Groups Gather Signatures To Fight Pot Dispensary Rules

Opponents Of Medical Marijuana Collective Regulations Say They Have Enough Signatures To Stop Ordinances

Opponents of San Diego's new restrictions on medical marijuana dispensaries announced Friday they have gathered enough signatures to halt implementation the city's new zoning and public safety ordinances.

Stephen McCamman of Citizens for Patients Rights said his group and other activist organizations had collected 46,141 signatures, more than 15,000 above the required number, to force the city to allow medical cannabis collectives to operate under previous regulations.

The city clerk's office will begin to verify the signatures on Tuesday by contacting 3 percent of the people who signed the petition.

If the signatures are deemed valid, the City Council will have to decide whether to repeal the zoning amendment to the Land Development ordinance or put it to a vote at the next election scheduled for June 2012.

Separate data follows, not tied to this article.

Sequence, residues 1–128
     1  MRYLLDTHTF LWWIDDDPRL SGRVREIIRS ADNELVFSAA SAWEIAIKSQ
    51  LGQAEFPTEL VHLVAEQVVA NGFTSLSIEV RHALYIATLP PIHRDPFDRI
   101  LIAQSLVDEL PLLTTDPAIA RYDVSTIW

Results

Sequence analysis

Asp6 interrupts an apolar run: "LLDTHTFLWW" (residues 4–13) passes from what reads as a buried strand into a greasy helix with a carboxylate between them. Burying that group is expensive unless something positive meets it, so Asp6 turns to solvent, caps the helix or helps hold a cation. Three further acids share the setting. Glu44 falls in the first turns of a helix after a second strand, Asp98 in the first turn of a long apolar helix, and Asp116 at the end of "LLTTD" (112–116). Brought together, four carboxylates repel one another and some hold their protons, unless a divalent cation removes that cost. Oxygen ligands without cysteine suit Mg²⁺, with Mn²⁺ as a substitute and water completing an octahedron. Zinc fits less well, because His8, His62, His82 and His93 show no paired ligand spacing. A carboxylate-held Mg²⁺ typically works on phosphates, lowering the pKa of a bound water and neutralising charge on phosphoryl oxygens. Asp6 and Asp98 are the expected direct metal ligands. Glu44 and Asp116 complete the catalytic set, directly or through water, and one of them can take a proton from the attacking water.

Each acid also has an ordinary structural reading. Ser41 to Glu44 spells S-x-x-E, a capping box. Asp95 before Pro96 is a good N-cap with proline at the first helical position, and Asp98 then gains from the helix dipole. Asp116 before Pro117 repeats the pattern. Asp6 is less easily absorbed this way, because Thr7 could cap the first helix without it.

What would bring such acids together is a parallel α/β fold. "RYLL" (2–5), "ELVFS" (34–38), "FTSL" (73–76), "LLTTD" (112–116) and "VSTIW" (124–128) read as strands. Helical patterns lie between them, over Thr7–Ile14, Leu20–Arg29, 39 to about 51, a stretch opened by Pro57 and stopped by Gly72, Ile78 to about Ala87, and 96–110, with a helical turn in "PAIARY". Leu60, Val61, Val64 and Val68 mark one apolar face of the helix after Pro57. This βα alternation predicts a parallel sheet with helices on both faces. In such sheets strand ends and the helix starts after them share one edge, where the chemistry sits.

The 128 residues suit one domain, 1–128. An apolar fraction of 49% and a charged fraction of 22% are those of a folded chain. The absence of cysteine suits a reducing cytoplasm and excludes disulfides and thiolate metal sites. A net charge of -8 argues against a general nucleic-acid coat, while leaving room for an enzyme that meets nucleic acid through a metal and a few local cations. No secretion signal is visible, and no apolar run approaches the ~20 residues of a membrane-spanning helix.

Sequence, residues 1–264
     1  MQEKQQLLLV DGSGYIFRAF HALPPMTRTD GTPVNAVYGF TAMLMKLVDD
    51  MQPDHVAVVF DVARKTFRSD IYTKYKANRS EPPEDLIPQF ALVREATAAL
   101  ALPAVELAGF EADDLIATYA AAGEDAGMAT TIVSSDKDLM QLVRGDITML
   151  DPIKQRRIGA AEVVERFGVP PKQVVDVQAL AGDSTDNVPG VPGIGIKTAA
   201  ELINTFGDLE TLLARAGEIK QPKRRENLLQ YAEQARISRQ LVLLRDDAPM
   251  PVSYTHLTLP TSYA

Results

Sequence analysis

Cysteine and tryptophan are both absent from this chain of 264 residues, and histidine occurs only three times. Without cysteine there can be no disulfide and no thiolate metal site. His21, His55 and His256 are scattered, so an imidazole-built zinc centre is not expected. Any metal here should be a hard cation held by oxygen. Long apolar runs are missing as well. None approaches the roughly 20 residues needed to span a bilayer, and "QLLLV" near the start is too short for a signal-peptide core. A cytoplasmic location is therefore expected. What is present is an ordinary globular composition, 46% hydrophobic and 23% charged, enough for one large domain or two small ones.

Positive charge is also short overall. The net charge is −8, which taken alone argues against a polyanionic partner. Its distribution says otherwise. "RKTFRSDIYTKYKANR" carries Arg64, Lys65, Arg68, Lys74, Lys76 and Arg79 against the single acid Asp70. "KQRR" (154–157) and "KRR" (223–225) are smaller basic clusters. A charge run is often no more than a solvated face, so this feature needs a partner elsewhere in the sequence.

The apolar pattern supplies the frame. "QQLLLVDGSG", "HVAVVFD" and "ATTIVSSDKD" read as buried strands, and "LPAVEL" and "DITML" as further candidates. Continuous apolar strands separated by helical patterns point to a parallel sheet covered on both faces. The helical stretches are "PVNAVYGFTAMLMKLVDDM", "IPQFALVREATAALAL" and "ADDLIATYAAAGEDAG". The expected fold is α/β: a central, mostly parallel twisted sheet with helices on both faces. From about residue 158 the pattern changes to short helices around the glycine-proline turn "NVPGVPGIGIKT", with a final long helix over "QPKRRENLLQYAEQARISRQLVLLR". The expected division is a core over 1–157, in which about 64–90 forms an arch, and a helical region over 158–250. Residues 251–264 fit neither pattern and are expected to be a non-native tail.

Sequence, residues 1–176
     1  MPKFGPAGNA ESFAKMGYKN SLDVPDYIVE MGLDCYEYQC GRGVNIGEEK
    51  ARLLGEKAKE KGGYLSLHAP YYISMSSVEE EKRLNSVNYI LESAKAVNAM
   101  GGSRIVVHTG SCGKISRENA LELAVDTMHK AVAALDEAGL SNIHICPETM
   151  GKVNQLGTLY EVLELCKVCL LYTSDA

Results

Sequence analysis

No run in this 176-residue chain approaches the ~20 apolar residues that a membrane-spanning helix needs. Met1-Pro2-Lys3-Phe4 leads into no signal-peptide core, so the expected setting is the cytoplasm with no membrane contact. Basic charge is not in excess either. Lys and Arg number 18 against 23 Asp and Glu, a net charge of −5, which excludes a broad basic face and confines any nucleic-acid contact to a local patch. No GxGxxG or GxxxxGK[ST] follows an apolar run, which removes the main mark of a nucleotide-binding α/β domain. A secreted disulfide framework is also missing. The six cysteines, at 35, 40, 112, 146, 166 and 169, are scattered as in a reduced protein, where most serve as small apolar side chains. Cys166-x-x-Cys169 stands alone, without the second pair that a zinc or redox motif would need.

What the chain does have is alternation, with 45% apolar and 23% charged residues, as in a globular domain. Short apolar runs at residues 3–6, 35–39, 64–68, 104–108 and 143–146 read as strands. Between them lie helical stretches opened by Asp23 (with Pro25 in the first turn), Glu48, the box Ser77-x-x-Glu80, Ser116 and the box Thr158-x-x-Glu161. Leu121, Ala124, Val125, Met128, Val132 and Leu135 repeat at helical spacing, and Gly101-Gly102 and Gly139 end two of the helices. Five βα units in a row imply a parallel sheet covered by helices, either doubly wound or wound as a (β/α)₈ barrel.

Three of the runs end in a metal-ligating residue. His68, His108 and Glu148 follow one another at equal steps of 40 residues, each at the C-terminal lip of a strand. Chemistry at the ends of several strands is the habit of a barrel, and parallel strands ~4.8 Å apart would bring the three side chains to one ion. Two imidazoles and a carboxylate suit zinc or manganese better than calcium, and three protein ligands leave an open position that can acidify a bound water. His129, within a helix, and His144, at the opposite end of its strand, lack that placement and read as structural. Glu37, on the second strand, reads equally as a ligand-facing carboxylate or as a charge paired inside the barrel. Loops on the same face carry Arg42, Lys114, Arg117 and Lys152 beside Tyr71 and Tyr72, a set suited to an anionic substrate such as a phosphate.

"Medical cannabis collectives create millions of dollars of economic activity to the city and hundreds of thousands in tax revenue," McCamman said. "In this economic downturn, we think the city will see the wisdom of increasing economic activity rather than stifling it."

The zoning and public safety ordinances passed on April 12 confined marijuana dispensaries to light industrial and commercial zones in San Diego, and at least 600 feet from residences, schools and other so-called sensitive areas.

They also required operators to get a conditional use permit, which could take thousands of dollars and as long as two years to obtain.

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